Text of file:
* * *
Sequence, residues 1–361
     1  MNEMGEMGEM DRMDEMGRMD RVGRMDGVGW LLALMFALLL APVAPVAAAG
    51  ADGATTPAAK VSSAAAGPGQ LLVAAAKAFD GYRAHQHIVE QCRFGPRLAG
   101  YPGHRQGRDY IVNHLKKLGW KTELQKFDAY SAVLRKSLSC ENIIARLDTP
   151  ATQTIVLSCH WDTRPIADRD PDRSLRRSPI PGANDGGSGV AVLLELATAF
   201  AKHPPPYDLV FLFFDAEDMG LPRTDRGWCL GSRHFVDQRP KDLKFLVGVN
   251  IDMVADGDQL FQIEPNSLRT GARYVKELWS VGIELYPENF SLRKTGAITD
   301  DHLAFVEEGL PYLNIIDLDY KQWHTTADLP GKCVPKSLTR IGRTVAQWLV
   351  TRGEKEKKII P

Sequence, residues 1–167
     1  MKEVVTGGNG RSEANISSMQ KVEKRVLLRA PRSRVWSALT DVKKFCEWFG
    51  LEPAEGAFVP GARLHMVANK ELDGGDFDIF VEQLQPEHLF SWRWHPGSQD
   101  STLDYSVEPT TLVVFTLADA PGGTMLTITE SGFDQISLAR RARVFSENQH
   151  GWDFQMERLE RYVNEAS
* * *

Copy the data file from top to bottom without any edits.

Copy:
Sequence, residues 1–361
     1  MNEMGEMGEM DRMDEMGRMD RVGRMDGVGW LLALMFALLL APVAPVAAAG
    51  ADGATTPAAK VSSAAAGPGQ LLVAAAKAFD GYRAHQHIVE QCRFGPRLAG
   101  YPGHRQGRDY IVNHLKKLGW KTELQKFDAY SAVLRKSLSC ENIIARLDTP
   151  ATQTIVLSCH WDTRPIADRD PDRSLRRSPI PGANDGGSGV AVLLELATAF
   201  AKHPPPYDLV FLFFDAEDMG LPRTDRGWCL GSRHFVDQRP KDLKFLVGVN
   251  IDMVADGDQL FQIEPNSLRT GARYVKELWS VGIELYPENF SLRKTGAITD
   301  DHLAFVEEGL PYLNIIDLDY KQWHTTADLP GKCVPKSLTR IGRTVAQWLV
   351  TRGEKEKKII P

Sequence, residues 1–167
     1  MKEVVTGGNG RSEANISSMQ KVEKRVLLRA PRSRVWSALT DVKKFCEWFG
    51  LEPAEGAFVP GARLHMVANK ELDGGDFDIF VEQLQPEHLF SWRWHPGSQD
   101  STLDYSVEPT TLVVFTLADA PGGTMLTITE SGFDQISLAR RARVFSENQH
   151  GWDFQMERLE RYVNEAS